[e-lang] [cap-talk] Initial draft Caja design doc

bryan rasmussen rasmussen.bryan at gmail.com
Sat Oct 13 03:56:55 EDT 2007

for an example of a powerbox examine Chickenfoot
I've suggested before that they should have  a means of providing
capabilities or at least sandboxing for the system. It was passed on
to firefox itself as an issue to provide user enabled sandboxing of
extensions and there I suppose died a quiet death - I know I don't
have the time to do it, and probably nobody will until it becomes an
actualized problem.

Bryan Rasmussen

On 10/13/07, Mark Miller <erights at gmail.com> wrote:
> [Narrowing down to just e-lang]
> Hi Jed, thanks for the comments! Mostly I reply simply by revising the
> text. Remaining issues below.
> On 10/12/07, Jed Donnelley <jed at nersc.gov> wrote:
> > I'll imagine passages -> content through out the
> > the rest of the paper and see if I notice any
> > problems. ... <I noticed a case where you use
> > the term 'content' somewhat separately, but
> > nothing that jumped out at me regarding a
> > real need for the 'passages' term.  I'd like
> > to hear a bit more justification for such a
> > new term.>
> But "content" is a mass noun, like "water" whose singlular refers to
> an indistinct quantity. I hate "passage" myself, but I would like a
> count noun whose singlular refers to an individual unit. Please keep
> the suggestions coming. Did I mention that I *hate* "passage"?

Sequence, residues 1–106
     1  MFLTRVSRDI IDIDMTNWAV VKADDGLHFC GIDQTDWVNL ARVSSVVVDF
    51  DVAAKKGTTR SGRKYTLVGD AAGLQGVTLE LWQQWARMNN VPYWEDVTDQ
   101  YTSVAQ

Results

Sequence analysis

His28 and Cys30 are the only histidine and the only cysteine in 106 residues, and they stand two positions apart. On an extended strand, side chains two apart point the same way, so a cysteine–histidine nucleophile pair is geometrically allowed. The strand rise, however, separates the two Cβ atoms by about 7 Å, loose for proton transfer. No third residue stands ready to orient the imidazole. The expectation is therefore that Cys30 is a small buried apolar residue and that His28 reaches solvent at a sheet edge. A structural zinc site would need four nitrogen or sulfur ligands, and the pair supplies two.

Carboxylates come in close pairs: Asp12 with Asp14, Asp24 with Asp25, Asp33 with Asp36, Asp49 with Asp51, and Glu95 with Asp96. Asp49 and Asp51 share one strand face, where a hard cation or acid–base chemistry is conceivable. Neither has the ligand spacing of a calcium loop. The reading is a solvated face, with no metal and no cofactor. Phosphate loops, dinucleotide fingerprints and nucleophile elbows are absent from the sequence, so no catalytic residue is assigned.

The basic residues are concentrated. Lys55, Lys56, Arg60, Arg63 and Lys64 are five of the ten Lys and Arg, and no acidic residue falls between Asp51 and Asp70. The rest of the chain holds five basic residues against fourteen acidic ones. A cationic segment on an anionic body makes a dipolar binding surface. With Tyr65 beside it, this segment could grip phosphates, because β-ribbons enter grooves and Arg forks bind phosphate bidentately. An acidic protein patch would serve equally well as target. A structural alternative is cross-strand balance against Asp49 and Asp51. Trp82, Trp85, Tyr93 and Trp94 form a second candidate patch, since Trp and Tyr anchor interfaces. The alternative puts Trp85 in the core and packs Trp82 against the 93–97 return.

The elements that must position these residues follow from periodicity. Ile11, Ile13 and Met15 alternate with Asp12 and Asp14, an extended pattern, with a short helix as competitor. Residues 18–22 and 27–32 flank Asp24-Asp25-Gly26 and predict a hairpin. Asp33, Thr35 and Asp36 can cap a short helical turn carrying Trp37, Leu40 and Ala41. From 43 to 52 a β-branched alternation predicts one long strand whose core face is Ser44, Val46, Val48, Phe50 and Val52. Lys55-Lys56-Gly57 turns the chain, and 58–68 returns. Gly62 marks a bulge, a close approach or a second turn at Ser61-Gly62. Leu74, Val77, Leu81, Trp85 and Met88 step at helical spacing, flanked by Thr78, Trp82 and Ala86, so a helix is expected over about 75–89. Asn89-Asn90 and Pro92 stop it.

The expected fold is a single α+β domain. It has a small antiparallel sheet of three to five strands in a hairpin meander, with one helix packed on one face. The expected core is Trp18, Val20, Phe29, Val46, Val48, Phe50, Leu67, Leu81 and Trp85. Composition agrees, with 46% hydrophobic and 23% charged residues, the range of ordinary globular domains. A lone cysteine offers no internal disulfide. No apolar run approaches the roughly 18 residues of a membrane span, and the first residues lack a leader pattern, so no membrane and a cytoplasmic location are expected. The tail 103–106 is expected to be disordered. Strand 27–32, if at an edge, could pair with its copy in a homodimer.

> > 4.  When you first note the "powerbox" term I think
> > it's fine to have the references, but I think at least
> > a parenthetical definition/description is needed.
> > E.g. 'an interface that can allow a user to introduce
> > access to objects into a least authority execution
> > environment that doesn't yet have access to them.'
> >
> > 5.  Hmmm.  If I've been understanding your use of
> > the colored numbers and arrows, then I think there is
> > an error in their use in the paragraph where you
> > introduce the 'powerbox' term (page 3 third paragraph).
> > In the sentence there, "A web app, on detecting the
> > presence of a powerbox, could offer to edit a local
> > file chosen by the user 2 -> 6.  Shouldn't that
> > be 3 -> 5?  That is, didn't you argue earlier that
> > web apps don't have access to local objects?
> Unless a browser extension makes a powerbox available to web apps.
> Unlike web apps, browser extensions do run with the user's full
> authority (at 2). A web app that detects that such a powerbox is
> present can, by asking the powerbox (to ask the user), obtain access
> to a local file (at 6).
> > I'm a bit
> > puzzled by "DOM and other APIs" being included above.
> The DOM is a substantial additional library provided by browsers. In
> order for Caja to enable safe active web content, we must specify a
> tamed form of this API. The present document deals only with the
> Javascript library speced in ES3, which doesn't include the DOM.
> > 7.  When on page #3 you say, "To facilitate
> > development, it is easy to write a Caja program
> > so it can run correctly whether it is run as a Caja
> > program or run directly as an untranslated Javascript
> > program."
> >
> > are you noting this more as a transition mechanism?
> Yes.
> > That is, that Caja programs can run with excess authority